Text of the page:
Pomerantz LLP

March/April 2017

Judge Rakoff Challenges The Securities Bar


On July 3, 2016, the European Union implemented Market Abuse Regulation (“MAR”), a rulebook that governs, in part, enforcement of insider trading violations. MAR differs sharply from the American approach to insider trading law in that it does not require the government to link the trade to a known breach of fiduciary duty.

In a speech earlier this month to the New York City Bar Association, U.S. District Judge Jed S. Rakoff challenged the securities bar to draft a statute that would provide needed clarity to U.S. courts trying to make sense of the confusing tangle of judge-made insider trading law and
pointed to MAR as a potential model.

Judge Rakoff suggested that most of the headaches created by U.S. insider trading law arise from judgemade requirements, such as that trading on inside information can be a crime only if the tippee knew that the tipper breached a fiduciary duty. Not only that, but that breach must involve betraying confidences of an employer, and also receiving some kind of personal benefit in exchange.

Judge Rakoff knows these difficulties well. He gave his speech three months after the Supreme Court ruled in the insider trading case Salman v. United States. As we reported in the last issue of the Monitor, Salman held that someone who trades on inside information can be found guilty even if the source of the information was a friend or family member of the tippee, and did not receive a financial quid pro quo. Salman affirmed a 2015 ruling that Judge Rakoff had authored while sitting by designation on the Ninth Circuit Court of Appeals. In a further twist, Rakoff’s Ninth Circuit opinion in Salman relied on his reasoning in a 2013 insider trading decision, which the Second Circuit had reversed on appeal in 2014 in U.S. v. Newman. In effect, Judge Rakoff single-handedly created the circuit split that led the Supreme Court to validate his overturned district court ruling.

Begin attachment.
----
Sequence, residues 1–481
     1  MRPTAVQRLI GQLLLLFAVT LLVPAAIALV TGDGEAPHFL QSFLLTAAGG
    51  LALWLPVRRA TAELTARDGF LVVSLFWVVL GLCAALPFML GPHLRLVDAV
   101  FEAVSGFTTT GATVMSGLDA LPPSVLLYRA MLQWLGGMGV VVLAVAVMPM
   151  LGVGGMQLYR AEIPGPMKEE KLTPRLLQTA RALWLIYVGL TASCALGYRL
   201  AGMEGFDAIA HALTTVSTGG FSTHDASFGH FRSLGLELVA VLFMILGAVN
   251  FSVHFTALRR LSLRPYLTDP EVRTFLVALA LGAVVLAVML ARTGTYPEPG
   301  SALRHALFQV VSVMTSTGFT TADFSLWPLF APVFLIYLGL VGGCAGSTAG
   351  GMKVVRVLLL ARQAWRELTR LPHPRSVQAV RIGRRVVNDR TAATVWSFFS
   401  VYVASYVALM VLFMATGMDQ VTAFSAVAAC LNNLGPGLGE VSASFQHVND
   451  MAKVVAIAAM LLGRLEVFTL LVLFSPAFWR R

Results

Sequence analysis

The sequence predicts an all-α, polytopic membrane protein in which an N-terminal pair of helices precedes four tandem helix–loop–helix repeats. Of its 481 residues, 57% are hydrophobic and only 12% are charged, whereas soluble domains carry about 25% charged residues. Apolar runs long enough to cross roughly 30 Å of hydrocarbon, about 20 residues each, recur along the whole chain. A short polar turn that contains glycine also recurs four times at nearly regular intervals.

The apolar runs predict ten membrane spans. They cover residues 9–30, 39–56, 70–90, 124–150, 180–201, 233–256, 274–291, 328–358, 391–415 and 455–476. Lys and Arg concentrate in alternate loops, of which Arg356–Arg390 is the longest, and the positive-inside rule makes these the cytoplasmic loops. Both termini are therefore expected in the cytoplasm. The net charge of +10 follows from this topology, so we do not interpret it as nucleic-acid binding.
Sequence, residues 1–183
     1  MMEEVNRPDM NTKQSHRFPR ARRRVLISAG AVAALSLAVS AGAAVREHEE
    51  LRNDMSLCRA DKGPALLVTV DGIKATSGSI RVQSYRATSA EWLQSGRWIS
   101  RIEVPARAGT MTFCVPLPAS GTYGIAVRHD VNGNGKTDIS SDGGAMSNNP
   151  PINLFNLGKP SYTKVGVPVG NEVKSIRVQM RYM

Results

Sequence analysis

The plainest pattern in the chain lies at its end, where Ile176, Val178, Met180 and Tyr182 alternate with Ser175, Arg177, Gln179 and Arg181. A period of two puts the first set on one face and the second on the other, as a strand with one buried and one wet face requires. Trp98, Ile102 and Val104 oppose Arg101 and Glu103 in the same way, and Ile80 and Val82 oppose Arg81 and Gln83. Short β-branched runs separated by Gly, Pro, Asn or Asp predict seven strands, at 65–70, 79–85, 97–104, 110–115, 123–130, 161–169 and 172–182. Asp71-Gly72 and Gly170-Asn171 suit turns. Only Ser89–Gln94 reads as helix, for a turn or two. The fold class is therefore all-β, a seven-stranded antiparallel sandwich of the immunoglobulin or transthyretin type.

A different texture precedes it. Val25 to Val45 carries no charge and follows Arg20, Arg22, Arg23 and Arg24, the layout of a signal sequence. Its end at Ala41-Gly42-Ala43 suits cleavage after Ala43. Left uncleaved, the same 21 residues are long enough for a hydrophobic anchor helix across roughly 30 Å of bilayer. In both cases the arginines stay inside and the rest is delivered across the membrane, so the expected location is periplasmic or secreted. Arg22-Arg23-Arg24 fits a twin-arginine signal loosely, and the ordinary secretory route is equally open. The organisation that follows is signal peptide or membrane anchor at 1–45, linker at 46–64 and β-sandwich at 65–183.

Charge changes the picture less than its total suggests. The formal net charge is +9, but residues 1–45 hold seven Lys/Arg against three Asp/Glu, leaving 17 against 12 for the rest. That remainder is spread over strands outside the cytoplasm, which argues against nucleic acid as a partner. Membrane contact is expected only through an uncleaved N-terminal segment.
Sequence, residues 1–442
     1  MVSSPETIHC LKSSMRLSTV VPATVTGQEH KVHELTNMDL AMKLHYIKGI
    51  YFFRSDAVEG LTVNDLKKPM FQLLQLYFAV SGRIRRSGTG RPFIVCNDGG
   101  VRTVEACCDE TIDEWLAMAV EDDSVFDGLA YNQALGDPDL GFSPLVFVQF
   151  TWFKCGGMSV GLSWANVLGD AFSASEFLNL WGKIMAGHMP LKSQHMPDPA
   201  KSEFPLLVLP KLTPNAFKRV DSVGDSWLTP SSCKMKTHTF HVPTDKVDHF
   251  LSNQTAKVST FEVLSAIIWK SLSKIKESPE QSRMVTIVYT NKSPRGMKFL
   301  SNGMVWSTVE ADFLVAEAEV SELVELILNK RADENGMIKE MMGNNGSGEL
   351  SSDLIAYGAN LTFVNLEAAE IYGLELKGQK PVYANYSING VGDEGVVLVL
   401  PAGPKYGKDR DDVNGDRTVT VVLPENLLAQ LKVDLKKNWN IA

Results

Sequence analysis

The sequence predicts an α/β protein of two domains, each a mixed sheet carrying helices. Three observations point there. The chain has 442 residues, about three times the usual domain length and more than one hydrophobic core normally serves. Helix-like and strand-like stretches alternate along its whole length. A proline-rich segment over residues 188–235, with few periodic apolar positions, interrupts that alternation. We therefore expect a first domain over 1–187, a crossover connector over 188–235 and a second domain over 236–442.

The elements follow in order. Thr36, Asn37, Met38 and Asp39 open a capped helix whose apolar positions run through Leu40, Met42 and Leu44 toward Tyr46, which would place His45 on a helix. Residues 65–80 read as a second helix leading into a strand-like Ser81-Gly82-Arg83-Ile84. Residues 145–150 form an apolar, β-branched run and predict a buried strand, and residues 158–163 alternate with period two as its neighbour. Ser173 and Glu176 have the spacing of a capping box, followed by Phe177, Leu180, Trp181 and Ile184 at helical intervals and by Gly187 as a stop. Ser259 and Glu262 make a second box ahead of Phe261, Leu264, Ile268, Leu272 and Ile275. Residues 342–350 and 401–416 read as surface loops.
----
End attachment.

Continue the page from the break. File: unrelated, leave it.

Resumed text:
But Salman resolved just one of a myriad of issues surrounding insider trading: whether a tip to a friend or relative, without a financial quid pro quo, supports a claim of insider trading. As Rakoff noted in his speech, U.S. insider trading law is a judicial creation based on generalized
antifraud provisions of the federal securities laws. There is no statutory definition of what constitutes inside information, or when a tippee violates the law by trading on it. The result has been that decades of often inconsistent judicial decisions have congealed into a common law morass that erodes investor confidence in the U.S. capital markets.

Some of the difficulties of insider trading law are illustrated by the prosecutions brought by Preet Bharara, the former U.S. Attorney for the Southern District of New York. Notably, he secured a conviction in 2011 of Raj Rajaratnam, the founder of hedge fund Galleon
Group. But when Bharara decided to take on Steven A. Cohen, the hedge fund billionaire who founded S.A.C. Capital Advisors (“SAC”), he ran into a wall created by the requirement that a tippee, to be liable, has to be aware that the source of the inside information violated a fiduciary duty by disclosing it. Bharara decided not to go after Cohen.

As recounted in a recent New Yorker article, Bharara’s decision rested in part on the difficulty
in making the necessary evidentiary showing. The government’s best evidence against Cohen
was an email from one of his traders that conveyed inside information. To win, the government
had to convince a jury that Cohen not only read the email—one of a thousand or so he received
every day—but also that he read to the end of the email chain and realized that the trader’s source had breached a fiduciary duty. Even Bharara, not known for timidity, blinked when faced with an opponent with billions to spend on his defense and a burden of proof that becomes more difficult to carry the more remote the tipper is from the tippee. Instead, Bharara settled for convictions of two of Cohen’s top traders and a $1.8 billion penalty paid by Cohen’s company, SAC. Cohen skated. After shuttering SAC, he set up shop under a new company, and went on trading as if nothing had happened.